Perhaps the most important lesson I learned is to buy appliances that our both effective and durable. I can’t tell you how many just halfway decent grills I’ve used and then replaced when they wore out. But that doesn’t happen anymore. Sure, I spend more on each item, but they deliver superior performance and last for many years. For example, serious cooks who, as I once did, buy inexpensive stamped metal grills will immediately realize and appreciate the differences. With quality equipment something does go wrong, instead of junking the whole thing, the faulty part can usually be replaced at a reasonable cost. Please note that I have no relationship and receive no payment from any of the following manufacturers. Also, I realize that there are many other pieces of equipment that may work as well or maybe even better than the following. The reason they’re not included is because I’ve never used them.
For most people, the grill is the most important appliance, and I have several. The Portable Kitchen (www.pkgrills.com) is the best charcoal/wood grill I have ever used, and it’s heavy duty aluminum body will last a lifetime at a cost of about $370.00. I have only had to replace the relatively inexpensive steel grate and grill about every ten years. The design and dampers allow for accurate temperature control, and I have never found anything that produces better steaks. It can also be loaded with hot-burning mesquite to put a crisp golden-brown sear on thinner items without overcooking them.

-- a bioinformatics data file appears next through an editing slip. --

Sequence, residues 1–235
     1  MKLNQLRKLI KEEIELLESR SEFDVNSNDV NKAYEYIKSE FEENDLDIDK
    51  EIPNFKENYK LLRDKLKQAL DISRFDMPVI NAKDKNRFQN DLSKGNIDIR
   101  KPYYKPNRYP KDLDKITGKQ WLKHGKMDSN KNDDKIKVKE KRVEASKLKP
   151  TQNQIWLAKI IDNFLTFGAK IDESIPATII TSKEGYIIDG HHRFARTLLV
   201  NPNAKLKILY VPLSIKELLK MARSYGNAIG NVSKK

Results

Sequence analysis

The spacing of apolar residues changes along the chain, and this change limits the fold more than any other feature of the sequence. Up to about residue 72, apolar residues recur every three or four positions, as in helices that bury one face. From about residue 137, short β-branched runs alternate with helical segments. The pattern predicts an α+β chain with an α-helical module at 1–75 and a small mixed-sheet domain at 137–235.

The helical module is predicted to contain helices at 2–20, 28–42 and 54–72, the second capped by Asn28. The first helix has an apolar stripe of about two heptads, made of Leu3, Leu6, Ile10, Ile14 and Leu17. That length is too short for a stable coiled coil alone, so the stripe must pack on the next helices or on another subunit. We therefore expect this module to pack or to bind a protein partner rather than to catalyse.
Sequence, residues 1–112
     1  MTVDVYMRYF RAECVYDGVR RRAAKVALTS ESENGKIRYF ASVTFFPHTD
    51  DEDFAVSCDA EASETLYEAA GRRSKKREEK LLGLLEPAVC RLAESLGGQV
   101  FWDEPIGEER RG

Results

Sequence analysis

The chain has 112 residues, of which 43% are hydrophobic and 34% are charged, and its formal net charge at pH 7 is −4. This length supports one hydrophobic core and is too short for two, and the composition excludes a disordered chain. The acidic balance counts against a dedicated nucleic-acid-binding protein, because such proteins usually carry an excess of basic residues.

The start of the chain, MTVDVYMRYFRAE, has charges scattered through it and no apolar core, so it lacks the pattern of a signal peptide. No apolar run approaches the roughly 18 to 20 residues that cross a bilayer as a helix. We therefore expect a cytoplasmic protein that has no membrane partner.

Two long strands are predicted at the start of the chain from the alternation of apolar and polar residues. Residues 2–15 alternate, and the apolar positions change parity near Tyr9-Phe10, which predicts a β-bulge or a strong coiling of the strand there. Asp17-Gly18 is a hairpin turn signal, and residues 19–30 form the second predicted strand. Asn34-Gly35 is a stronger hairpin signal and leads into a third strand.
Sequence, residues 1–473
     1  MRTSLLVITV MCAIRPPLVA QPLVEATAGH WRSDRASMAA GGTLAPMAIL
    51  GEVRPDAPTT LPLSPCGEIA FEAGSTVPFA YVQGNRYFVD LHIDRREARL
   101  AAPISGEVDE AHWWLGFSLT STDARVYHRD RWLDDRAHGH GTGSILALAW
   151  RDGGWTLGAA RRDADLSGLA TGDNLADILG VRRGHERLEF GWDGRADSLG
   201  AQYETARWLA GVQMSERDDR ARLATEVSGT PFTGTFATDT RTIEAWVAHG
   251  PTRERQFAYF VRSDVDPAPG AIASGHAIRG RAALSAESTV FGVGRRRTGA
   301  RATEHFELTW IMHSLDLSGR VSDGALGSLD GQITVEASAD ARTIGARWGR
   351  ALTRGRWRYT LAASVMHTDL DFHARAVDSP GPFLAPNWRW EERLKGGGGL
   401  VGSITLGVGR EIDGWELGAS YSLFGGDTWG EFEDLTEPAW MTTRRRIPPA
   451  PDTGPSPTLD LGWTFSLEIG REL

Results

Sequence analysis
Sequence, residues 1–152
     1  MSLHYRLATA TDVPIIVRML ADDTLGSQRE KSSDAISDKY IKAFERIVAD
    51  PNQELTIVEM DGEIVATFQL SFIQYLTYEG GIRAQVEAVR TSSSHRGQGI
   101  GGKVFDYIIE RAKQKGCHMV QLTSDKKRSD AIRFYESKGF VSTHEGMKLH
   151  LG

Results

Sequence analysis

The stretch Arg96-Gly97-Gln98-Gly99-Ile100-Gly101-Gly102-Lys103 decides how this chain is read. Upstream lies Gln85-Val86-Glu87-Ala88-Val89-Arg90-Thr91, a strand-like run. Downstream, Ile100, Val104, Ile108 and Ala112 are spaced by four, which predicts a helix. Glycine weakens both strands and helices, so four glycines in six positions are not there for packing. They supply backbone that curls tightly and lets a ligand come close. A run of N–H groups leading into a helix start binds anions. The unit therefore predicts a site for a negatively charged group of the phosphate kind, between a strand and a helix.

I often grill thin hamburger patties, Mexican-style steaks, and shrimp. When I do those things, and especially when I’m in a hurry or a bit lazy, I turn to my infrared gas grill by Texas Pit Crafters. (www.texaspitcrafters.com). Their smallest model is big enough for me. It’s definitely pricey at $1,295 but will last for many years. It also delivers over 1200 degrees, which is the only way to grill thinner items so that they will be well browned on the outside and still tender on the inside. It also works well on meat up to one inch and the heat can be lowered to accommodate even larger pieces. Another benefit is that preheating only requires five minutes, rather than the usual fifteen.
A really fun piece of equipment is my Santa Maria-style, Braten Campfire grill made by Engelbrecht. (www.grillsandcookers.com).It allows you to raise and lower the grill with a simple crank, enabling you to put the grill as close or as far from the fire or coals as necessary. (Yes, you don’t have to wait until the wood burns to coals before cooking, and the results produce a unique and tasty result). You can build a base with a firebox for it, or set it on the ground directly over a campfire. It’s a bargain at $295.00.